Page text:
Italians had mostly supported the government’s handling of the pandemic until the situation took a dramatic turn for the worse, with the daily coronavirus infection tally increasing more than fivefold within the last month.

Conte is striving to regain control over the infection curve in order to stop hospitals becoming overwhelmed while at the same time avoiding another generalised lockdown. But the latest restrictions, which came on top of 11pm-5am curfews in the regions of Lombardy, Piedmont, Lazio and Campania, have backfired.

“This time it’s different,” said Francesco Giavazzi, an economics professor at Milan’s Bocconi University. “In March people were surprised [by the pandemic] and didn’t blame anyone. Now they say the government knew there would be a second wave but didn’t do enough to prepare, there is much more anger. The first time around they survived on their savings, now those savings are gone.”

Piccoli said the feeling of fear that prevailed during the first wave has turned into rage. “It could be rage over the measures, or because you didn’t get the financial support already promised to you, or because a family member died … what’s interesting is that it’s not just in [poorer] southern Italy, but nationwide.”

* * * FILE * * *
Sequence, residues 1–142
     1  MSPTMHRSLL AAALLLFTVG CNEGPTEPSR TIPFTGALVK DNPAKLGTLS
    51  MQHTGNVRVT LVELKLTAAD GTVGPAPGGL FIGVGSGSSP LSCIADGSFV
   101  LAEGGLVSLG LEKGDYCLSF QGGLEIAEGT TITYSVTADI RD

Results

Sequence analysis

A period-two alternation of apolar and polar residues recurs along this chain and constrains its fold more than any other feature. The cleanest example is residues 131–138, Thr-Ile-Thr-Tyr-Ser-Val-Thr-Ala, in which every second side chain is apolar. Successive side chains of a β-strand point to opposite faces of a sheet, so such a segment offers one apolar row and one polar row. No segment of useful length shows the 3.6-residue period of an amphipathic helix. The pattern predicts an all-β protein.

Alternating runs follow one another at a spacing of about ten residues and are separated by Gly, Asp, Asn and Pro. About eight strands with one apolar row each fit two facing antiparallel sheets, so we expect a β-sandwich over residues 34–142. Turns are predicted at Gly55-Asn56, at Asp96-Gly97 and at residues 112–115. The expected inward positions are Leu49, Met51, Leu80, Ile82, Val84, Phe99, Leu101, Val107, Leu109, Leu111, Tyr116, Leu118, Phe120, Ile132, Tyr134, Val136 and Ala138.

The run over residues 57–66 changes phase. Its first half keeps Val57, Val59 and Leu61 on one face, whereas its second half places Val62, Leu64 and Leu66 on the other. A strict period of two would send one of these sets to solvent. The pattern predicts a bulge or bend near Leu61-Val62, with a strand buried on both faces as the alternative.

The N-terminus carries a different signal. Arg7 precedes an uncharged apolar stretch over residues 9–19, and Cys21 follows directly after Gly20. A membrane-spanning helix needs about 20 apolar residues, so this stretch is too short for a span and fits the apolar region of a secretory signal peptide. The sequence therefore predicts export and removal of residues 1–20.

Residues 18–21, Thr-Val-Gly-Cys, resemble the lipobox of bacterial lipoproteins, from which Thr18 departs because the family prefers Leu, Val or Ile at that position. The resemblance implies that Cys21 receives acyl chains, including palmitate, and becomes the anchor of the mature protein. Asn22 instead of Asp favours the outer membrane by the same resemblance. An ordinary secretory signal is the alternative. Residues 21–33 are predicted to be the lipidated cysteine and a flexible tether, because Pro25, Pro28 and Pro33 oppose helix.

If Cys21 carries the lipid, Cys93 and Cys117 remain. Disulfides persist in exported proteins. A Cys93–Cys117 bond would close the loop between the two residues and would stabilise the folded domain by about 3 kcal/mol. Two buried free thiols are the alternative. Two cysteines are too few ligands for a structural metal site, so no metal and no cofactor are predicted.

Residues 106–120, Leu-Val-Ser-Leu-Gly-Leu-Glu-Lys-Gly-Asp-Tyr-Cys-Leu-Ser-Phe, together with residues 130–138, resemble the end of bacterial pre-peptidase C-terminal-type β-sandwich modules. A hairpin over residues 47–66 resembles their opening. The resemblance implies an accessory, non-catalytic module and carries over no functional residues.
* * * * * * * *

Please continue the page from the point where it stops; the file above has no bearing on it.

Spain remains the western European country hardest hit by the pandemic, and last week became the first to register more than one million infections.

On Tuesday morning, the country’s Socialist-led coalition government announced details of its 2021 budget, which include raising taxes on high earners and large companies, and increased public investment.

The prime minister, Pedro Sánchez, said the budget had three aims: “to rebuild what we have lost because of the health, economic and social crisis inflicted by Covid-19”; to modernise Spain’s economy, and to strengthen the country’s healthcare, pension and minimum basic income systems.

The prime minister insisted there would be no return to the austerity that followed the 2008 economic crash.

“After the brutal blow of the pandemic, we could withdraw back into austerity and cuts or we could get back on our feet and stride forwards,” said Sánchez. “This budget chooses the second path.”

But the country’s government faced embarrassment on Tuesday after several leading politicians – including the health minister and the leader of the conservative People’s party – attended a newspaper awards ceremony a day after the declaration of a state of emergency and the imposition of a nationwide curfew.

The event, held by the online newspaper El Español in Madrid on Monday night, was also attended by the president of the Madrid region and the leader of the centre-right Citizens party.

It came 24 hours after Sánchez announced a state of emergency and urged Spaniards to limit their movements: “The more we stay at home and the fewer the contacts we have, the more protected we’ll be, and the more we’ll be able to protect our loved ones and the health of everyone.”

In a statement, El Español said that face masks had been worn, and physical distancing maintained, but some accused the guests of double standards.

Gabriel Rufián, an MP for the Republican Left of Catalonia party, tweeted pictures of the event with the caption: “Those kids and their drinking parties are just awful, eh?”